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Earth’s Only Hope: Vegan Revolution

Written by PETA | November 9, 2010

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Think way back to the days of the dinosaurs, the cave people, and America’s original tea partiers for an instant reminder that in the grand scheme of things, 40 years is a drop in the bucket. And 40 years after the fast-food revolution took off in the 60s and 70s, McDonald’s and other quickie burger and chicken joints continue to multiply and spread across the world than faster than a family of bedbugs in a New York City row house (or slaughterhouse).

The meat, dairy, and egg industries have helped to morph humans into meat addicts who shovel animal parts into their mouths which serves only to increase the number of those who sicken and die from meat-related ailments including obesity, diabetes, and heart disease. And the meat factories have raped and fouled the world’s land, water, and air—and not without severe and soon-to-be deadly consequences for the planet.

Fast-forward 40 years: Today’s scientists make it very clear that if meat-eaters don’t greatly curb their addictions—or better yet, quit them, pronto—then by 2050, life is going to be very grim for humans, many of whom will be suffering and dying from starvation. And, as Reynard Loki’s article “Rise of the Herbivores” points out, a million other species, including elephants, polar bears, and tigers, will already be long gone, unable to cope with climate change and dwindling habitats.

Loki’s article also mentions points made in 2009 by the head of the U.N.’s Food and Agriculture Organization, Jacque Diouf, who told attendees at a food-security conference that global food production would need to double by 2050 in order to head off mass hunger. But if humans don’t check their meat addictions and if meat production continues as is, then by 2050, the livestock sector alone might either occupy the majority of, or significantly overshoot, recently published estimates of humanity’s “safe operating space.”

This dire situation has even flesh peddlers paying attention. A recent article on Meatingplace.com begins, “People need to begin limiting the amount of meat they eat to curb greenhouse-gas emissions, nitrate pollution, and habitat destruction, according to a new study by Canada’s Dalhousie University.”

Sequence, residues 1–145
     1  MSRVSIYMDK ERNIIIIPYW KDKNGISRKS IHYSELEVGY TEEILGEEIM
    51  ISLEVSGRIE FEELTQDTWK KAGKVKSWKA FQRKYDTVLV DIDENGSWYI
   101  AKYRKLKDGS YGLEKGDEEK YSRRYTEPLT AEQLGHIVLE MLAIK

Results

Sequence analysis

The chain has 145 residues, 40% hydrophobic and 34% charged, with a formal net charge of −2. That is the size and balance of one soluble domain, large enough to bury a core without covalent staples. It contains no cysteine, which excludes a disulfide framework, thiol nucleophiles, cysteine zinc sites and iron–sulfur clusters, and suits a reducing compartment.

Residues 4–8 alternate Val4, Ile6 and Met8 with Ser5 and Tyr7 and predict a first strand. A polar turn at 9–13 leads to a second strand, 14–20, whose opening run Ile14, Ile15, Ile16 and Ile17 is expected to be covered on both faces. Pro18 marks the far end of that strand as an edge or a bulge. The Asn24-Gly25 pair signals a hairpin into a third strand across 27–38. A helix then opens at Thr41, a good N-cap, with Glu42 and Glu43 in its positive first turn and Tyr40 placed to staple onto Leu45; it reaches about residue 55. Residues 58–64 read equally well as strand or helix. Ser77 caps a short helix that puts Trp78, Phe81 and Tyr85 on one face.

Limiting one’s intake of animal products is a good start, but going vegan—today—is the surest, most effective way to save animals, humans, and the planet tomorrow.

Written by Karin Bennett

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  • Eky says:

    Vegan is the ony one way to save this world…

  • Kalama Halamezad says:

    If you actually want to see well-researched material on this topic, read “Livestock’s Long Shadow”, the official UN report that is generally referred to by vegetarians as proof that the meat industry is destroying the planet, and that the only way keep up with food demand is to quit eating meat. The thing is, is that the report doesn’t even make such conclusions. In fact, it pretty much says that meat production could be sustainable if done properly. The wastefulness of said industry doesn’t lie in it’s product, but rather it’s focus on maximizing it’s own profitability. After all, a good chunk of the land degradation and water wasted comes from growing the plants used to feed the livestock, much of which would still be consumed to grow food for people if they weren’t eating meat. Less of it, of course–but still an amount that would eventually be exhausted considering current farming practices. Also, separation of animal waste and farmland is one of the factors identified as causative of land degradation as well. Getting poo back into farmlands instead of tanks under factory farms would actually benefit the land. All in all, meat isn’t destroying the planet. High-yield agriculture with almost no concern for maintaining existing resources is.

  • Justin Van Kleeck says:

    Katrin, this is definitely one of the best, most informed and informative articles I have read on PETA Files. Thank you for making such an articulate, well-researched case for veganism. I am glad to see someone else is not afraid to go in-depth and rely on actual data when doing so, rather than just hurling opinions. Keep up the great work.

  • Daniel J. Aguilar D. says:

    Súper interesante, solo hay que entender que esta forma de vida (la comida rápida, etc.) en 40 años alcanzo su punto mas alto, así que la revolución vegana también necesitará tiempo para seguir creciendo, también hay que entender que el consumo de animales a sido parte de la alimentación humana por mucho tiempo y los veganos debemos entender que los niños, niñas y demás personas han nacido ya con esa idea y que solo algunos con el pasar del tiempo tomaran la decisión de cambiar su forma de alimentación, lo que trato de decir es que debemos ser pacientes en cuanto a este tema pero de algo estoy seguro… La revolución vegana ya empezó¡¡¡¡¡¡

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